For a stronger, tighter middle, do one set of planks or abdominal curls for every 20 minutes of the race you watch. If you stick with it for the entire broadcast, that's a little over 2 hours of TV, and six sets of core work. - Tom Holland, author of the Marathon Method. Tom has run 60 marathons and is running this Sunday
Shoot for 26 minutes worth of cardio movement. Take on an extra 20 seconds for good measure. Walk in place, do jumping jacks or mountain climbers, skip some rope. You can do it all at once or a minute at a time, Just add it up. – T.H.
Runners often complain of tight hamstrings but couch potatoes can also suffer from the same affliction. If those hammies are feeling a bit bunchy, throw your foot up onto a low coffee table or a thick book and lean forward until you feel a strong pull travel up the back of your thigh. Hold for 30 seconds. Repeat twice with each leg. – T.H.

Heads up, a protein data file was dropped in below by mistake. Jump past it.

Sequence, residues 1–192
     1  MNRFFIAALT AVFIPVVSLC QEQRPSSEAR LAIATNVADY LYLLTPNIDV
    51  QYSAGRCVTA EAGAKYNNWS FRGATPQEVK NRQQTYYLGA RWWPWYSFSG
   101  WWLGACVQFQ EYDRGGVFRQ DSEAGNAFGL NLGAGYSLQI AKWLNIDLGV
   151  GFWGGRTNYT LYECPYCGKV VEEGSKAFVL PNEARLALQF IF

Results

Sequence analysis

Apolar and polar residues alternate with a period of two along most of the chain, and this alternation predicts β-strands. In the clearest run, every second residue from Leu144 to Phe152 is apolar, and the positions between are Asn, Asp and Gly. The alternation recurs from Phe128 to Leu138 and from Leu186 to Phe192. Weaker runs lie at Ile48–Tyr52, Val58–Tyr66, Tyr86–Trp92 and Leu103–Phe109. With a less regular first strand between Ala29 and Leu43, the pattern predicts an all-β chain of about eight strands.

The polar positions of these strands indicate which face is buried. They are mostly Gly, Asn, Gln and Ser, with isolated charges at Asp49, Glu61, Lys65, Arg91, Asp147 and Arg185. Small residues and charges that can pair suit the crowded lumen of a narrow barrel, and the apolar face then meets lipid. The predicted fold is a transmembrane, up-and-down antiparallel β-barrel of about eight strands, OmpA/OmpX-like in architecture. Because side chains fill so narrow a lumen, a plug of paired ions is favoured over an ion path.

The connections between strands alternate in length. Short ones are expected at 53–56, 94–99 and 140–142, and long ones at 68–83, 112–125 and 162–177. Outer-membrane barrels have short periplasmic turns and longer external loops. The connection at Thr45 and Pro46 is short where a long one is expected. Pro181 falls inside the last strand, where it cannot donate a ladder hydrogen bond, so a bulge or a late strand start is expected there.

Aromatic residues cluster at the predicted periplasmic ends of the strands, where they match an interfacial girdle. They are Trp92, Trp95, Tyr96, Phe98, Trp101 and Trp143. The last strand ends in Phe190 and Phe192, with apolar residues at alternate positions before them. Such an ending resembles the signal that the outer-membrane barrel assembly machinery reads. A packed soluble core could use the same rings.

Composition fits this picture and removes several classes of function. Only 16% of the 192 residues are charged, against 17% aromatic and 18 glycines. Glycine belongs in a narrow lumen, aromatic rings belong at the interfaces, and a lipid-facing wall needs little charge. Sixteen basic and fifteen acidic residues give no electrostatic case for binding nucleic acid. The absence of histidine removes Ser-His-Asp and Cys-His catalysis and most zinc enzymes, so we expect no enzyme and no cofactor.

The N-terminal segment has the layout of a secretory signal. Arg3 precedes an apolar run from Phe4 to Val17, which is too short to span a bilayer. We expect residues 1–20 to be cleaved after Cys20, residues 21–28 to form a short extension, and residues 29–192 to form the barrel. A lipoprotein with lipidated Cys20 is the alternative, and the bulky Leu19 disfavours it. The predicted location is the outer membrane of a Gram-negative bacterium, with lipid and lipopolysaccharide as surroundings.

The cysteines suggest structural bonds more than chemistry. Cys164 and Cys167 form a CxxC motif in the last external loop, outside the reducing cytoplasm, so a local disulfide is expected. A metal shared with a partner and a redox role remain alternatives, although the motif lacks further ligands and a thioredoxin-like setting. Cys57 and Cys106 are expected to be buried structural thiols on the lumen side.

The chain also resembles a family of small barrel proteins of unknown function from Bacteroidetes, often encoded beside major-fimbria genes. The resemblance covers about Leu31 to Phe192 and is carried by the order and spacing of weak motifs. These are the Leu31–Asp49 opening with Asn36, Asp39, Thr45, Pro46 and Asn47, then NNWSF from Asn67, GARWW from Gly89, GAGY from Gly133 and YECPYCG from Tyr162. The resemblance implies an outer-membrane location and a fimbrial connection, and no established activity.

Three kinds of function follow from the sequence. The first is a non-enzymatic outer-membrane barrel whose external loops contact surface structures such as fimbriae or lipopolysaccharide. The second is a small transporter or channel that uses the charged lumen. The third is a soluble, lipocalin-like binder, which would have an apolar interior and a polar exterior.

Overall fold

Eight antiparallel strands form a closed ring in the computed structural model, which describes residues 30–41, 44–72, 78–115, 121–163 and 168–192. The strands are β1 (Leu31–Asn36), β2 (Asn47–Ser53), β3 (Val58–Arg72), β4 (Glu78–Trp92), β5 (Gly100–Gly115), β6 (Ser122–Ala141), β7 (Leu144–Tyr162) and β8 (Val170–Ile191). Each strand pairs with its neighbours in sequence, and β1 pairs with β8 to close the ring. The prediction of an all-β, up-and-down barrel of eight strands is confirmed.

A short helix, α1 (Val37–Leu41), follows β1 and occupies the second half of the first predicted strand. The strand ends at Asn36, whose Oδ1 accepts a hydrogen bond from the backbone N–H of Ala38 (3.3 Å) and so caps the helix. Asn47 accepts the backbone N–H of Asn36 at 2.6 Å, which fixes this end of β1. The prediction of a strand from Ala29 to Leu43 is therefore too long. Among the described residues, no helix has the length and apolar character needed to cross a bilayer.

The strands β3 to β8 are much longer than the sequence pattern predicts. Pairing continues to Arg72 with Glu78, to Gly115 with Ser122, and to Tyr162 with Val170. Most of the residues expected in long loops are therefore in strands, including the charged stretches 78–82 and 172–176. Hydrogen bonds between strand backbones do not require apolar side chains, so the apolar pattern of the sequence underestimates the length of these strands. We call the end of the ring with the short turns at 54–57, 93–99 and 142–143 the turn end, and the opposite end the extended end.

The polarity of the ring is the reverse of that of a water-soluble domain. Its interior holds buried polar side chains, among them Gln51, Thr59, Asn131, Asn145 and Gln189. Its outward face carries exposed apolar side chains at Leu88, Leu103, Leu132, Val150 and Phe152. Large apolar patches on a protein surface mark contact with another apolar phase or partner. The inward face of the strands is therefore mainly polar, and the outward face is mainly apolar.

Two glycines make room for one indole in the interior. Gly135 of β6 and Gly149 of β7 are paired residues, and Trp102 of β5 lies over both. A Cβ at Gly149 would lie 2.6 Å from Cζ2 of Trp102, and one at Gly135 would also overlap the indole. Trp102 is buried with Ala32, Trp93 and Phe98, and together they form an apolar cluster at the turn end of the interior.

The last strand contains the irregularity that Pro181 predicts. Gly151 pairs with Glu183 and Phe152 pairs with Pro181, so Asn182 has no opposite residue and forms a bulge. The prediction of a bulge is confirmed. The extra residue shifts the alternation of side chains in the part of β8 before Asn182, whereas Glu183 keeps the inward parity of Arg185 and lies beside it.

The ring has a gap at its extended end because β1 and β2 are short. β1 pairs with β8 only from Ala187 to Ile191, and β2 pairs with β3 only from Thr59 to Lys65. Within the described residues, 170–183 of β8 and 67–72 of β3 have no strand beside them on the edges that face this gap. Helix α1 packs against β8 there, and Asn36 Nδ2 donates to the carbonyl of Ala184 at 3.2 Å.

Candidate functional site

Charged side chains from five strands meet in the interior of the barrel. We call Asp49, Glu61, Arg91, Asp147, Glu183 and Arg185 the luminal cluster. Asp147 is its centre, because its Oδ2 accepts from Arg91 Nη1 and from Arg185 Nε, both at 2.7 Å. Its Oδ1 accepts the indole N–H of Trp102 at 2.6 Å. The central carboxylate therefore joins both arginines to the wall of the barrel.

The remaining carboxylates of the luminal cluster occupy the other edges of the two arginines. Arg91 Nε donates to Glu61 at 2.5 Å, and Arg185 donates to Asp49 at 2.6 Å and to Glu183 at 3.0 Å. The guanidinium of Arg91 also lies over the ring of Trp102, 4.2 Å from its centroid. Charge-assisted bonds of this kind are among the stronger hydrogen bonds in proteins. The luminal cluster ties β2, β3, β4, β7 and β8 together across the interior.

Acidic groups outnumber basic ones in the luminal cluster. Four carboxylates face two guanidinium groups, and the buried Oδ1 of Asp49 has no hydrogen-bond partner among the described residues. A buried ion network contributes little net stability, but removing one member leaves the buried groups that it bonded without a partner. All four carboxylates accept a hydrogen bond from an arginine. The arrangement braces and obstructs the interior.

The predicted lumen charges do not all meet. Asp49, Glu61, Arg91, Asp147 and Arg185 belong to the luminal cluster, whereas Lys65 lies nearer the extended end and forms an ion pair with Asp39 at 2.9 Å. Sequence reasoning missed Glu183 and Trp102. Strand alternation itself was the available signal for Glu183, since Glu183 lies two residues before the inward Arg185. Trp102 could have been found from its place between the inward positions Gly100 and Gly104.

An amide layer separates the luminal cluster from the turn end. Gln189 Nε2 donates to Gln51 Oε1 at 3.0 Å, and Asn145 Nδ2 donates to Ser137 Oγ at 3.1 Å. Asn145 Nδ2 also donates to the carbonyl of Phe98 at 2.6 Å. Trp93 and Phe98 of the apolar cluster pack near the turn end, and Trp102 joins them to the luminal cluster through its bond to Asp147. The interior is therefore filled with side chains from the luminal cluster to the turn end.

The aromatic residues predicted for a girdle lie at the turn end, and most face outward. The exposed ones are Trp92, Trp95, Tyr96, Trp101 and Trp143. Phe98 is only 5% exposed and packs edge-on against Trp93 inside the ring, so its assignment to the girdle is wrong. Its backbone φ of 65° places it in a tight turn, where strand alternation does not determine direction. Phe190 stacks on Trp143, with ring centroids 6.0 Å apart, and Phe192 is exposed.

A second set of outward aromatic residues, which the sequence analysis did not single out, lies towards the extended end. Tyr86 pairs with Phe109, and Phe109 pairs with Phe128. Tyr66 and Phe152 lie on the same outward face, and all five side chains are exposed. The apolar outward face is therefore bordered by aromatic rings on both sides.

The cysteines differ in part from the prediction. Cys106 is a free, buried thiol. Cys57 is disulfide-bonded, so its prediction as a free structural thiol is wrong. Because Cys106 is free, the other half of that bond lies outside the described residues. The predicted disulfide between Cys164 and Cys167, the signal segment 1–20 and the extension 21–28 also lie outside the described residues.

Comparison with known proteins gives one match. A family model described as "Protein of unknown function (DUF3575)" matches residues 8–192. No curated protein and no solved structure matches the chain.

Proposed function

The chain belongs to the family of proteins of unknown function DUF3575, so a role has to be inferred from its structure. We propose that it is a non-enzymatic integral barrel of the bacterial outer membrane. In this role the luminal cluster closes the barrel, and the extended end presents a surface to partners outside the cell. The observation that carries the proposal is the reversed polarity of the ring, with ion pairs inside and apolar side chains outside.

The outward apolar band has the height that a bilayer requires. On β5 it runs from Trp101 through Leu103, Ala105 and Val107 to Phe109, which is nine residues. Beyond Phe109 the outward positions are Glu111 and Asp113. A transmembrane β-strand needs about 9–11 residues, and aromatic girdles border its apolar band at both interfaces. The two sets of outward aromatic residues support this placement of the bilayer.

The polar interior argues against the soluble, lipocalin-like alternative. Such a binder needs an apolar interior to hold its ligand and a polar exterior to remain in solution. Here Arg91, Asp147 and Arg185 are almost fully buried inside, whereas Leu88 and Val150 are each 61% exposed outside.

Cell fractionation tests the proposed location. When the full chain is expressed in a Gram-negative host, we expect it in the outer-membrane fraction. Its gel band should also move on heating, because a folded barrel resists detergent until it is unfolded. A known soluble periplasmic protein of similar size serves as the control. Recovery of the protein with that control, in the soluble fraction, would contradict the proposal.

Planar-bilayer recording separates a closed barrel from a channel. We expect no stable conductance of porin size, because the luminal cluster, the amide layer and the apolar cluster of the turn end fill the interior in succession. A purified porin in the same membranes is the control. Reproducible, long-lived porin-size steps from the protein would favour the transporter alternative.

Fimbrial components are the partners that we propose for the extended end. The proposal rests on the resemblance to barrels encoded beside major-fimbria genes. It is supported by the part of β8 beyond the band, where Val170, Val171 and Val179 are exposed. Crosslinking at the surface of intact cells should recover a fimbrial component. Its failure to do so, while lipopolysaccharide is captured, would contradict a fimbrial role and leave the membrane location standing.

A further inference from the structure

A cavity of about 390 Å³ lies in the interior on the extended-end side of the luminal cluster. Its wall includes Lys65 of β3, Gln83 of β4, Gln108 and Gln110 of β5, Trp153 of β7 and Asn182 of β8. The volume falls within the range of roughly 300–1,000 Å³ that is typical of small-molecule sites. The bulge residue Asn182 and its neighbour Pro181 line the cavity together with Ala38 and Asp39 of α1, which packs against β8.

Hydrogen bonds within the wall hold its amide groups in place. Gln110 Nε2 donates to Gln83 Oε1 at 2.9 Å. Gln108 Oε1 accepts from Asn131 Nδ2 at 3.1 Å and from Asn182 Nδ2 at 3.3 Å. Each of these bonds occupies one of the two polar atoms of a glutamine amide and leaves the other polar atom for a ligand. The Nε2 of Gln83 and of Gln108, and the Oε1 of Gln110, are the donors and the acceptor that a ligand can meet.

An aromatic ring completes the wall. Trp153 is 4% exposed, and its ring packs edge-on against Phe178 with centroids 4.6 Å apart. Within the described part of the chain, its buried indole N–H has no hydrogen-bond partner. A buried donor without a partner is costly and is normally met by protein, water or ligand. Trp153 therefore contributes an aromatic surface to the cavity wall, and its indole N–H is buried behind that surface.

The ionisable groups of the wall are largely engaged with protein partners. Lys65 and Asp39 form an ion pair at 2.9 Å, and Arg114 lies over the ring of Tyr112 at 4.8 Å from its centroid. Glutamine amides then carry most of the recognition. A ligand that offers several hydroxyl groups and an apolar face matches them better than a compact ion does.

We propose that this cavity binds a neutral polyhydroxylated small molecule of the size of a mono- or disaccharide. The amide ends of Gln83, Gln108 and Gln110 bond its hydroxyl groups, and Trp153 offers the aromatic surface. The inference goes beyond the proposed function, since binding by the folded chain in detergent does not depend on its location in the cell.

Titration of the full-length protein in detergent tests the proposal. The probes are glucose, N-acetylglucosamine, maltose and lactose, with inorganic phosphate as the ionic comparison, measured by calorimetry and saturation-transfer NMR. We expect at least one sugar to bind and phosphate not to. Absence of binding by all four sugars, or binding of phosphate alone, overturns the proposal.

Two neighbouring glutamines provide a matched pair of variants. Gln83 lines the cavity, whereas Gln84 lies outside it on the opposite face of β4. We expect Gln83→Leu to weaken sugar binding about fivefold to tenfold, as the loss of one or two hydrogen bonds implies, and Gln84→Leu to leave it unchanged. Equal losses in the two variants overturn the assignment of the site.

Another thing couch dwellers and runners often have in common? Poor posture. A good stretch to counteract hunched shoulders: Sit or stand up tall with hands clasped behind your back. Keeping elbows locked, raise arms up until you feel a strong pull through the shoulders and chest. Hold for 30 seconds. Repeat twice. If you don't have the flexibility to clasp your hands, hold onto a dish towel. - Personal trainer Jordan Ciambrone
If you get overexcited while watching the race, take a moment of Zen. Close your eyes and take 10 slow, deep breaths. Studies show this helps lower blood pressure and slow heart rate, two physiological responses associated with relaxation. – J.C.